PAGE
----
One portion of our platform is focused on the needs of our customer’s end-users (consumers). This software aims to help people with their financial goals and bank the way they want to bank. This is where our native mobile banking app comes into play.
Another focus of our platform are admin tools. The often neglected…back office…enterprise software that allows banks and credit unions to work smarter and provide better customer service.

I think about the admin side (enterprise software) a lot. It’s the sole focus for myself, a product manager, and my product design partner, Josh Sadler. Together, we define and design the enterprise software that financial institutions need in order to provide exceptional customer service. Whether it’s increasing an end-user’s remote deposit capture limit, deactivating a lost device, responding to a help desk ticket, or opening a new account… everything we think about revolves around empowering financial institutions to help people faster, better and with more empathy.

In fintech (financial technology), the media loves to write about B2C software. From the latest mobile banking apps to a new channel for P2P payments. This type of software typically follows the latest design trends and makes it easy for a bank to say “my customers would love this.” In some ways, consumer products tend to get all the love and B2B software is an afterthought. Well, no more. Banks shouldn’t be left behind and they deserve useful, usable and desirable software, too!

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Three reasons product managers should deliver the why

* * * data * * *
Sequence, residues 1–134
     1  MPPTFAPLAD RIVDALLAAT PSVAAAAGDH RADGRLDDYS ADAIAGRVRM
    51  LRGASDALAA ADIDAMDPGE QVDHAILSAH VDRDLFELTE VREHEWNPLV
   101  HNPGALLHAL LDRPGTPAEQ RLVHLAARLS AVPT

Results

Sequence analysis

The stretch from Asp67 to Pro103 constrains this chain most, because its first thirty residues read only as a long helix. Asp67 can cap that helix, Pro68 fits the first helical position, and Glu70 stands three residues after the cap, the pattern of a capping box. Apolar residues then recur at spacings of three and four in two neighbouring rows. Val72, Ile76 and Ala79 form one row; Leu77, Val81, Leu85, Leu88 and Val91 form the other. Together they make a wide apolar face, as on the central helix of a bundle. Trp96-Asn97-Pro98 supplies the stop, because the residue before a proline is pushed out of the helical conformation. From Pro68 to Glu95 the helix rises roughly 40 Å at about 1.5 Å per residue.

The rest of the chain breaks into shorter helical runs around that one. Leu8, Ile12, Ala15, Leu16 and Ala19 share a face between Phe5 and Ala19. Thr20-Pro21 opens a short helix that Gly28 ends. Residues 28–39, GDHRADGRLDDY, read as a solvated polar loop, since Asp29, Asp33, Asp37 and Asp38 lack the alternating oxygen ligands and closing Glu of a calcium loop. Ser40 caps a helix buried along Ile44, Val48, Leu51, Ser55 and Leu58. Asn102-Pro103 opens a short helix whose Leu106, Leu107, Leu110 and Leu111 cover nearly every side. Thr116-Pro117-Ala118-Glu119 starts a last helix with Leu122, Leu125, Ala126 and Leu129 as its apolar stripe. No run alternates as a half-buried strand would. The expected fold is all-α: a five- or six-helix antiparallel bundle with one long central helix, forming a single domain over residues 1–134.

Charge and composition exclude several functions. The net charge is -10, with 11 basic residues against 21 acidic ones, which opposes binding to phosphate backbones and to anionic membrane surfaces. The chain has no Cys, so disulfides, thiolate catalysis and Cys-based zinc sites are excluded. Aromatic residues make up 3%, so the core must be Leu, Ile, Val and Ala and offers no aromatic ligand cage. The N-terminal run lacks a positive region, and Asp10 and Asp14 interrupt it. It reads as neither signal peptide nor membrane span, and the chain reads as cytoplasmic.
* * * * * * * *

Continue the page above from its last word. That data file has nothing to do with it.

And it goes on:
August 27, 2015

You’re a product manager. For the past three months you’ve conducted opportunity assessments, discovered possibilities, and defined solutions. Things went from whiteboard sketches to Invision comps to code-based prototypes. You validated assumptions by testing early and often. You even cut features that brought little value. You’ve written detailed technial docs and defined every possible requirement. The visual design is complete, you’ve defined the right product and clearly articulated exactly what needed to be built.

Now it’s up to engineering to figure out how to build it, right?

Wrong.

You forgot one of the most important aspects of collaborating with engineers and building meaningful products: delivering the why.

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Invisible Work: In the trenches with process and operations

November 5, 2014

Sometimes, the work we do is never seen by the client. And that’s okay. I’m not talking about the visual concepts that get cut due to budget or scale. I’m talking about the operational and process type work that is done behind the scenes and in the trenches. This type of work, invisible work, often goes unnoticed… and that’s the point.

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Digital Project Management: It's more than just getting things done

October 11, 2014

PM. Digital project manager. Digital PM. Digital strategist. Producer. Interactive project manager. Digital producer. Scrum master. Lead producer.

The list goes on and on.

Regardless of what our email signature say, we’re all rooted in project management. And I’m convinced that it’s time to level up. Not only in our craft, but in the pride we show for being PMs. The PM role is difficult to describe. If you search for PM jobs, you’ll find a little bit of everything; from social media and email marketing to trafficking banner ads and content updates to managing multilingual website overhauls and native app development. Plus, there’s something about being a Scrum Master…

Continue reading on Medium → 3 min read